lids?In order to truly understand acid rain and it's eventual effect on
earthworms, it would be best to look at the causes of acid rain. How and
why does altered acidity in precipitation have a devastating effect?
Acid rain is charecterized as "Precipitation that has a pH lower than about
5.0" (Allaby, Michael (1994) Ecology, Oxford Press,). Acid rain is created
by many things, of which pollution from cars contributes the most. Ever
since the Industrial revolution, the acidity of rain has been haywire.

Sulfur and nitrogen are found widely throughout the world in the air, "even
in unindustrialized tropics" (Graedel, Thomas, et. al, (1989, V261 n3 p.

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58-68 Sep. 1989) The Changing Atmosphere, Scientific American).

The way in which acid rain is created from here is that About 70 percent
of acid rain comes from sulphur dioxide (SO2), which dissolves into the
water to form sulphuric acid. The rest comes from various oxides of nitrogen
(mainly NO2 and NO3, collectively called NOx). These gases are produced
almost entirely from burning fossil fuels, mainly in power satations and
road transport. (Kucera, (1973) The Challenge of Ecology, The Mosby
Tremendous quantities of this nitric acid and sulfuric acid mix are
reflected in the lowering of the acidity of rain.

Earthworms (Annelids) are a species of worm which are many segmented. They
live in damp soil, usually forming intricate tunnels beneath the surface.

Their bodies are lond and cylindrical, and have "bluntly tapered ends and
are somewhat depressed posteriorly." (Storer, et. al, (1972) General Zoology
5th ed., McGraw Hill Books.) As earthworms burrow, thew swallow large
quantities of earth that often contain large amounts of vegetable remains,
often depositing, or casting, their very nutritive remains to the soil,
which adds to it's enrichment. The first person to truly recognize the
importance of earthworms was Gilbert White, when he wrote in his book, The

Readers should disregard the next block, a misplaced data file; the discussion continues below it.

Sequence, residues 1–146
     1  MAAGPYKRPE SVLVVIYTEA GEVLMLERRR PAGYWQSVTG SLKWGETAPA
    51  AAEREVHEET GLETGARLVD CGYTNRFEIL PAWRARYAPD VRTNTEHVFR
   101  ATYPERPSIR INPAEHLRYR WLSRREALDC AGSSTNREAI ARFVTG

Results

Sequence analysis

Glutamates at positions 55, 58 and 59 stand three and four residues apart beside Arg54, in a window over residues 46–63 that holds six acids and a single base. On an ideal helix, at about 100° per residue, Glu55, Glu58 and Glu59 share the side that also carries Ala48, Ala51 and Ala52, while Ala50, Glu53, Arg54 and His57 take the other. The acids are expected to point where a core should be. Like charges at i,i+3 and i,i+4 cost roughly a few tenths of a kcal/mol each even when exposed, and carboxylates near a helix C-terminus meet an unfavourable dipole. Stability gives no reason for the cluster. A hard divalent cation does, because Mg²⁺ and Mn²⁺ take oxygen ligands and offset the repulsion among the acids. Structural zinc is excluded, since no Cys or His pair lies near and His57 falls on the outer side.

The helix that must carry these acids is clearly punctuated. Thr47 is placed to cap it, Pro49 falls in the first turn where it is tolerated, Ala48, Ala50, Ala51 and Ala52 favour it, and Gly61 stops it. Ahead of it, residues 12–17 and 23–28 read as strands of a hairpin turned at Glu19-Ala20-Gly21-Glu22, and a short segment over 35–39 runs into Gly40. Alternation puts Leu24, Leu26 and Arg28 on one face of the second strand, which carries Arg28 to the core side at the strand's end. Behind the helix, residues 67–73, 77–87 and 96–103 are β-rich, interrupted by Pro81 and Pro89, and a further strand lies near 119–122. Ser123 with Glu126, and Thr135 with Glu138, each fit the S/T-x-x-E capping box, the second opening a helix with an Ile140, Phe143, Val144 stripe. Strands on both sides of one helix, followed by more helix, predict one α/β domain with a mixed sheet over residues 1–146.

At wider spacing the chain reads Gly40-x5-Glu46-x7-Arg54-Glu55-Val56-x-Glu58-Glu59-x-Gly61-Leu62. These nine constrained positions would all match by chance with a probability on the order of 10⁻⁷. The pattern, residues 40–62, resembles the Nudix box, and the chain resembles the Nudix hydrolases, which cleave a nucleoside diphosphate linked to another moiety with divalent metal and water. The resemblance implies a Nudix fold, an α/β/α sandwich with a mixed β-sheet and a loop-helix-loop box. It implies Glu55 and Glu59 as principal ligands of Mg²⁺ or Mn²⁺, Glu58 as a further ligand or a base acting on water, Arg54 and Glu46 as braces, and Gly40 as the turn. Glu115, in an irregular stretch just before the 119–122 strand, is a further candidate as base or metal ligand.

Natural History of Selbourne (1788) that "soil was loosened, aerated, and
made more fertile by earthworms." (Gilber White (1788) The Natural History
of Selbourne)
Earthworms are typically very sensitive to low pH levels. Therefore, it
isn't surprising that "pH of soil is sometimes a factor that limits
distribution, numbers, and species of earthworms." (Edwards and Lofty
(1977), Biology of Earthworms, Chapman and Hall)
There have been many experiments done on this, which indicate that
earthworms prefer soils with a pH of about 7.0. Some improtant workers
include Arrhenius in 1921, Moore in 1922, Phillips in 1923, and Petrov in
1946. All these studies concluded the above stated fact, that worms prefer
7.0 However, in Denmark, Bornebusch found "Dendrobaena octaedra, which is
an acid-tolerant species" (Bornebusch, 1930) Studies have also been
conducted in Egypt, where it was found by El-Duweini and Ghabbour that soil
can also be "too alkaline to favour earthworms" (El-Duweini and Ghabbour, 1956).

In a study done by Satchell in 1955, in which earthworms were placed in
plots of soil with pH values ranging from 4-7, the worms in soils with the
higher acidities were "jerking and convulsing........after 1 to 2 hours
became motionless and flaccid. After 24 hours, fifty-eight out of sixty
worms exposed to pH below 4.4 were dead." (Edwards and Lofty, (1977) Biology
of Earthworms, Chapman and Hall) Earthworms are easily used for
experimentation by researchers because they are "widely distributed,
familiar organisms, which are readily and cheaply available in large
numbers." (Pierce, et. al, (Sep, 1988 Volume 70) Science Notes, School
Science Review.)
In soils of pH less than 5, earthworms are usually scarce, and soil
breakdown is usually slow, making a "deep layer of slowly decomposing plant
remains." (Pierce, et. al, (Sep, 1988 Volume 70) Science Notes, School
Science Review.) This is a very obvious sign of wether or not earthworms
are present, and more often than not, the pH range can be determined on
sight. If you look through soil and see plant material broken down and
mixed through the soil, you know that earthworms are there and are playing a
major role in soil breakdown and nutrition.